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14 March 2006

Jarhead (2005)

Jake Gyllenhaal (Swofford), Peter Sarsgaard (Troy), Jamie Foxx (Sykes)

Directed by Sam Mendes (American Beauty)

From IMDB: "Based on former Marine Anthony Swofford's best- selling 2003 book about his pre- Desert Storm experiences in Saudi Arabia and about his experiences fighting in Kuwait."

Swofford as Hero

Although based on the memoirs of an actual Gulf War soldier, Jarhead's Anthony Swofford is a character comprised of three conflicting facets. Super Swofford, the hero, is the third that rises above much of the jingoistic clamor. He reads Camus. He believes in his girlfriend's fidelity. He throws up at the sight of crispy dead bodies. He possesses enough self-awareness to narrate his own tale - cynicism, self-mockery and all - without the lock-step mentality of some of his Marine cohorts. He is afraid and makes mistakes, but he stands fast and endures his obligations. He is our window into an unfamiliar world of secrets, rituals, traditions, violence, and a long, long history.

Swofford as Barbarian

However, our seemingly civilized guide is misleading, leaving us lost in an unfamiliar world. What happened to the boy who read? He was replaced by a near-mindless automaton acting only for the diversions of sexual gratification and violence - two primal releases that are offered, on numerous occasions, as synonyms. His motives are based not on thought but on survival. After a while, he has no sense of obligation to those he invited to partake of his story - the audience. Lost in a haze of desperation, fatigue, boredom, loneliness, and fear, he cannot serve as his own rational guide, let alone lead us through his story. He gives himself over, almost totally, to the institution of the Marines. In the arms of the Corps, thinking is not so very important.

Swofford as Everyman

Following his return to the States, Swofford returns to himself as an altered version of the young man he was. This typical soldier's story arc attempts to reconciles the hero and the barbarian - the thinking man and the grunt - just as the soldier attempts to make that same reconciliation within himself. Images, friendships, new comrades, and lingering physical and psychological affects hamper the hero's need to suppress the barbarian in a civilized world, but does he really want to? What man, when faced with the opportunity to enjoy all of the forbidden pleasures of his youthful, barbarian days, would not do so again despite the dangers?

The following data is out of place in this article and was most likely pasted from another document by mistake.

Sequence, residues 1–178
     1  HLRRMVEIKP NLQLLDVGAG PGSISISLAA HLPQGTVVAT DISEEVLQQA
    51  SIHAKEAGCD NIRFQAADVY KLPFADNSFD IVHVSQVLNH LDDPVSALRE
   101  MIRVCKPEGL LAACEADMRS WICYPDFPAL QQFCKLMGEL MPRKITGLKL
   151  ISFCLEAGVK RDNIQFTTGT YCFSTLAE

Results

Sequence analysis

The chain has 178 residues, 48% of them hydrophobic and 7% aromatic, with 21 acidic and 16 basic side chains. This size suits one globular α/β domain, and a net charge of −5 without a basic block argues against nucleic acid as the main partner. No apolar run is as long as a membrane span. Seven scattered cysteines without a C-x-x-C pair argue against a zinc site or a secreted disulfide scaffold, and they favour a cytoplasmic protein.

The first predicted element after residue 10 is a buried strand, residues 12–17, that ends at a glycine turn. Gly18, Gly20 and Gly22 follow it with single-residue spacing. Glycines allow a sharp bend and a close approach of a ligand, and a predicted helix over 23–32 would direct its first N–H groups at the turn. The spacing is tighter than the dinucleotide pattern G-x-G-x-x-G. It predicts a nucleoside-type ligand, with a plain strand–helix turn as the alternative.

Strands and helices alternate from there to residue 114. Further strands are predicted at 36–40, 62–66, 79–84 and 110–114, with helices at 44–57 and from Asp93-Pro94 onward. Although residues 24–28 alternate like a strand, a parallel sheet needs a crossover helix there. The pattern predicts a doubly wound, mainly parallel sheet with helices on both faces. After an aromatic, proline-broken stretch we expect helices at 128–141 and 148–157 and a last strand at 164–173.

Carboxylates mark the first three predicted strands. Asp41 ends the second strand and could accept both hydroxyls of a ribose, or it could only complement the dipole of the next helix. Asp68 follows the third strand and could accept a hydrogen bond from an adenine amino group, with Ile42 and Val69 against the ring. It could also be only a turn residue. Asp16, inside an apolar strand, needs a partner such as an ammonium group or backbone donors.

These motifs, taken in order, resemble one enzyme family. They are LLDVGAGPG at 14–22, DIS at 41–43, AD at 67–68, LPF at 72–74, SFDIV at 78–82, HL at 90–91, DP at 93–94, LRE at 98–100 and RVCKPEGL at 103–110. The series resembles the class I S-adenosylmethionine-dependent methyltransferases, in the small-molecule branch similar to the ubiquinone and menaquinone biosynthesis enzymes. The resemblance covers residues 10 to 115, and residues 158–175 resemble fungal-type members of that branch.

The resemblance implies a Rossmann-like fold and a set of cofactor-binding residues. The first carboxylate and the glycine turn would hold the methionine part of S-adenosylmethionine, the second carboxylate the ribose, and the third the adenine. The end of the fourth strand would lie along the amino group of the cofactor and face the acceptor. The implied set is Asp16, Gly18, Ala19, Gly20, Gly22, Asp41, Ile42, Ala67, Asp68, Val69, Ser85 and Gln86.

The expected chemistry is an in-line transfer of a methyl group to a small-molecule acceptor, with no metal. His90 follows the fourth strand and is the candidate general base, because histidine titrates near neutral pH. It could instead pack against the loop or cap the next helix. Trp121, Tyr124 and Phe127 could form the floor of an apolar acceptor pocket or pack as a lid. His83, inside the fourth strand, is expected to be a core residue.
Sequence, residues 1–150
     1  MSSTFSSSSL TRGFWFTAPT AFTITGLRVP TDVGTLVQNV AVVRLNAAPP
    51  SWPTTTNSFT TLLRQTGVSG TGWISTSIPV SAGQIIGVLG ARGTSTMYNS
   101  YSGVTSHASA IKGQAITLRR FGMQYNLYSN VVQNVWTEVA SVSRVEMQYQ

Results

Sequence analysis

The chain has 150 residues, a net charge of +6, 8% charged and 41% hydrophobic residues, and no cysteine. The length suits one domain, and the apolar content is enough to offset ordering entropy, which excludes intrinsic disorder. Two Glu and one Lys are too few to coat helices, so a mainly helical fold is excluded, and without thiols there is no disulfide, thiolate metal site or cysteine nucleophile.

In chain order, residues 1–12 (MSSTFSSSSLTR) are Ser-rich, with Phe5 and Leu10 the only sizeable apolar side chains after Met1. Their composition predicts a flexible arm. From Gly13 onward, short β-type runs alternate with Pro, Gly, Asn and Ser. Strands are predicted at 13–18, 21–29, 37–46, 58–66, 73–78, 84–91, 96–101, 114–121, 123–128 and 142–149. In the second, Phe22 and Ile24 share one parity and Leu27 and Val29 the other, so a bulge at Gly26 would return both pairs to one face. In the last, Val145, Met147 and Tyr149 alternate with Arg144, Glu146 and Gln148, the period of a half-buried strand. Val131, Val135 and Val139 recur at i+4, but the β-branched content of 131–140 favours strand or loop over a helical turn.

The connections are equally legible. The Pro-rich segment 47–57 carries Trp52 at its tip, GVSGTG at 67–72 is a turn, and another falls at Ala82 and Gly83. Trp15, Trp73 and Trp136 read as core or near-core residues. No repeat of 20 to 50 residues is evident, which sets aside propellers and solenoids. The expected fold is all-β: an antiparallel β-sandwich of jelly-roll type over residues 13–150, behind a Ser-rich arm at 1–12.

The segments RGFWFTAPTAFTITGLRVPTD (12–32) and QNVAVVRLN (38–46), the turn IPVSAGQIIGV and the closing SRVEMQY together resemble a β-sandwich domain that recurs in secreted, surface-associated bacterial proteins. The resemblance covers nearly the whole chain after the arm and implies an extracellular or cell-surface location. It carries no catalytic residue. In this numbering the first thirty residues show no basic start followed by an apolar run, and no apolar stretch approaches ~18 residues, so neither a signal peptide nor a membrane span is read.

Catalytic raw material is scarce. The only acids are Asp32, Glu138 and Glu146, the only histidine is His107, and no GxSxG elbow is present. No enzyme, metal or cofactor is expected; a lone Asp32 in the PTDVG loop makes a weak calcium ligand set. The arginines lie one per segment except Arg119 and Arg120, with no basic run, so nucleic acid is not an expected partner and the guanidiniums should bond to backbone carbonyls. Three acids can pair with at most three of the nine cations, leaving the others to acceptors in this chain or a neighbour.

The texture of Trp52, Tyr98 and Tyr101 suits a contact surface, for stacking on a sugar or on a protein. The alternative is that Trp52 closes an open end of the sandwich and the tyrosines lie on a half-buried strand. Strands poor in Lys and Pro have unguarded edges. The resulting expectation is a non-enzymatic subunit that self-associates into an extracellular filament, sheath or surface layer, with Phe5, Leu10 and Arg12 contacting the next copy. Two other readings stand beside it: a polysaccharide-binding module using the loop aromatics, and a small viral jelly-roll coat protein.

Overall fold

Mendes and THE BIG POINT(S)

As with American Beauty, director Sam Mendes does not demonstrate a concise enough vision to fully realize whichever of the six or seven different BIG POINTS he intended to make. Is Swofford a hero, barbarian, or everyman? Does the distinction matter in a time of war? Is Sykes a thinking man when, in the midst of burning oil fields, the magnificent Jamie Foxx's face reveals so much confusion and dissatisfaction regarding their assignment and his role in the conflict? Or has Sykes been duped by the fervor and patriotism of the Corps, as one could possibly interpret his speech about why he loves being a Marine? What is the value of a purposeful life, such as with Sarsgaard's haunting and nuanced Corporal Troy, even when that purpose is killing? And most importantly, are soldiers defined by their mastubatory practices, their latent homosexual fantasies, or their life-long fidelity to idealized weaponry?

(For more on the sex thang and other issues, go read Pacze Moj's review.)

Granted, memoirs are the self-centered ramblings of any given individual, with all of the intricacies of perspective, reality, digressions, and superfluous characters. When telling one's own story, the BIG POINT can become lost in a "forest for the trees" sort of fashion. But Mendes, as this film's storyteller, should have known better. If Swofford made a point in his memoirs, Mendes failed to translate it to the screen. In trying so hard to present timely intricacies and depth, he lost worthwhile opportunities to bring the audience to his (or Swofford's) conclusion of choice.

Seeing this film during today's political climate and in the midst of Iraq's continued disintegration, and seeing this film in the company of my two ex-Marine parents, served to cloud my experience with additional layers of complexity. Without a sure sense of direction and purpose from Mendes, I concluded the cinematic version of what could have been a very rich narrative with only feelings of muddled indifference.

Anonymous Pacze Moj said...

Great observation about the three Swoffords. His character's lack of identity may a big part of the film's lack of identity: Half a dozen BIG POINTS signifying nothing.


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